Mr. Clegg: To ask the Secretary of State for the Home Department how many previously successful applicants to the Highly Skilled Migrant Programme he expects will be excluded by the recent changes to the scheme; and what discussions he has had with the Secretary of State for Trade and Industry on the effect on business and industry of such exclusions. 
Keith Vaz: To ask the Secretary of State for the Home Department what assessment his Department has made of the impact on the number of skilled workers in the UK of the most recent changes to the Highly Skilled Migrant Programme. 
Skilled workers currently in the UK under the Highly Skilled Migrant Programme (HSMP) can apply to extend their leave. The rules for the HSMP extension applications have recently been amended to ensure that applicants already in the UK under the programme have been making, and can continue to make, a contribution to the UK economy. The changes were based on a thorough analysis of the HSMP criteria. Individuals applying to extend their leave to remain in the UK under the HSMP must now achieve a minimum of 75 points against robust points scoring criteria (qualifications, previous earnings, age and UK experience, with a provision for MBA graduates from selected institutions) and must also meet a mandatory English language requirement. The points scoring structure is flexible and is based on criteria that will indicate success in the labour market. If an applicant
claims fewer points in one area, they can make up for it by claiming more points in another.
It is expected that the majority of migrants currently in the UK under the HSMP will qualify under the new points test. Transitional arrangements have been put in place to support those existing participants of the HSMP who will fail to satisfy the new points scoring assessment but who have been contributing to the UK economy.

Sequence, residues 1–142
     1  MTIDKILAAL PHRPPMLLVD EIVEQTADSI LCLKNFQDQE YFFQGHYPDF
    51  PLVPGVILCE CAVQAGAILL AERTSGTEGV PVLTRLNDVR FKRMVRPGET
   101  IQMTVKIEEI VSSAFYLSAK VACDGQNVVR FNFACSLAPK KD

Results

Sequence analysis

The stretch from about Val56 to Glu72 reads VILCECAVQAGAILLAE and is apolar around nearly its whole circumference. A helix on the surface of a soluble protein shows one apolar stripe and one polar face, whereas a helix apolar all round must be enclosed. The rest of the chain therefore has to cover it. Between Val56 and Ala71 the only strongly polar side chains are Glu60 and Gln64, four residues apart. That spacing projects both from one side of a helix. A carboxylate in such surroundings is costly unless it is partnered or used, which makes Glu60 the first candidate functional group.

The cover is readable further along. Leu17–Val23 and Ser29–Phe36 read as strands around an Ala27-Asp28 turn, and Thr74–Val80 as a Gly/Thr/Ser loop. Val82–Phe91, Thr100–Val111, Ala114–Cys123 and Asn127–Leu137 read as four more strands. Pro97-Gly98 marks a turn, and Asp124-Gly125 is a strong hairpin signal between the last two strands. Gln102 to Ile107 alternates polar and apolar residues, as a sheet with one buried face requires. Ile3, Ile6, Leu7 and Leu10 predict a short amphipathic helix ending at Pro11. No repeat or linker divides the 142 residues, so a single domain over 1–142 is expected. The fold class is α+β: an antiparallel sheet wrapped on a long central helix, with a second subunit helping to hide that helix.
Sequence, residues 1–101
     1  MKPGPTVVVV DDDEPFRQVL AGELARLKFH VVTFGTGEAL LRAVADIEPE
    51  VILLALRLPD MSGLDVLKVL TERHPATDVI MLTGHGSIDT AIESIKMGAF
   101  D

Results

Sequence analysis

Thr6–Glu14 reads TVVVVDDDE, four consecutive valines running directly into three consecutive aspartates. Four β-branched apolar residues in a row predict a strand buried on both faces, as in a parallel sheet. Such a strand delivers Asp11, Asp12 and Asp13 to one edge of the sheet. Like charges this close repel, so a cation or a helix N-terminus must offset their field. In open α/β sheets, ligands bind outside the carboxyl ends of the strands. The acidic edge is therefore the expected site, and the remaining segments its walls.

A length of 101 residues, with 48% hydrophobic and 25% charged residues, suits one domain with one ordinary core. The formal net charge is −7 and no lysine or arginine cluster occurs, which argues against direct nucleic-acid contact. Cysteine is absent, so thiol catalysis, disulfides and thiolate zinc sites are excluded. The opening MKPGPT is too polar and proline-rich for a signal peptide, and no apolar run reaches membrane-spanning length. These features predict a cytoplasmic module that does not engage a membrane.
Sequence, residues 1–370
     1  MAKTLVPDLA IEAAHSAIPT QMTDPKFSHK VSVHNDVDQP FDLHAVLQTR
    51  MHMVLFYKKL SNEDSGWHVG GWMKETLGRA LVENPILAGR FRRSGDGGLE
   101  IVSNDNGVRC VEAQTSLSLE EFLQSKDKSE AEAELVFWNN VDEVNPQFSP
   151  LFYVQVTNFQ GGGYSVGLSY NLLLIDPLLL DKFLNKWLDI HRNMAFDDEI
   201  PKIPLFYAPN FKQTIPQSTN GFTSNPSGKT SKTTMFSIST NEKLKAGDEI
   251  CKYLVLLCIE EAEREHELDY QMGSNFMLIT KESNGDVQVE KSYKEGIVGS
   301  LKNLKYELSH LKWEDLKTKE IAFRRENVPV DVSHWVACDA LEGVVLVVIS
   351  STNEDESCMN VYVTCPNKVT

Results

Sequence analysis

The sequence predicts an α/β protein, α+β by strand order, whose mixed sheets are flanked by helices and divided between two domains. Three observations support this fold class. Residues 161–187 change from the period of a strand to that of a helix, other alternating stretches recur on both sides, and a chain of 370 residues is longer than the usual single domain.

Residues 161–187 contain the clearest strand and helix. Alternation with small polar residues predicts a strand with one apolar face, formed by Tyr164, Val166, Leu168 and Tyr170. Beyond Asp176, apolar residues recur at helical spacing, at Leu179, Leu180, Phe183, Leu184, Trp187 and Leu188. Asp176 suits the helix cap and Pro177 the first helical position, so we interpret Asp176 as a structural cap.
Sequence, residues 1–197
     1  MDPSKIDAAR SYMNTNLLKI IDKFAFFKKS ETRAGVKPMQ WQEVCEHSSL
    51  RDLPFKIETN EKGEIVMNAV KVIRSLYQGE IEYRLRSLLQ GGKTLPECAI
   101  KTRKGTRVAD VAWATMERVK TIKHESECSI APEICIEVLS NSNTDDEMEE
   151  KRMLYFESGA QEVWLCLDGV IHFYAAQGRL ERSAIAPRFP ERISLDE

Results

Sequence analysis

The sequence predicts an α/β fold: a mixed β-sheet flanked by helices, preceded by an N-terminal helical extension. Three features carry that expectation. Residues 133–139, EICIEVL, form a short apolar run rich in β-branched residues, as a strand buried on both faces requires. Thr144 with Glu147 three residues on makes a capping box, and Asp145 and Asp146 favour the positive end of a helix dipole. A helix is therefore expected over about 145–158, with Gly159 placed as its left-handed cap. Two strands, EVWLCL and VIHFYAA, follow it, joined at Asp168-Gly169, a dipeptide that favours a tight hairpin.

Keith Vaz: To ask the Secretary of State for the Home Department what discussions his Department has had with (a) the Indian Government and (b) other governments regarding recent changes to the Highly Skilled Migrants Programme; and if he will make a statement. 
Mr. Byrne: The Home Office always works closely with the Foreign and Commonwealth Office on changes to the Immigration Rules. If the Foreign and Commonwealth Office advise that our international partners would welcome briefing on matters related to the Immigration Rules, the Home Office is willing to provide this.
In this particular case we provided certain overseas posts, including those in India and Pakistan, with the necessary material to brief their host governments in advance of the change. Some posts took the opportunity to do this. We also have dialogue with foreign diplomatic posts in London, as required.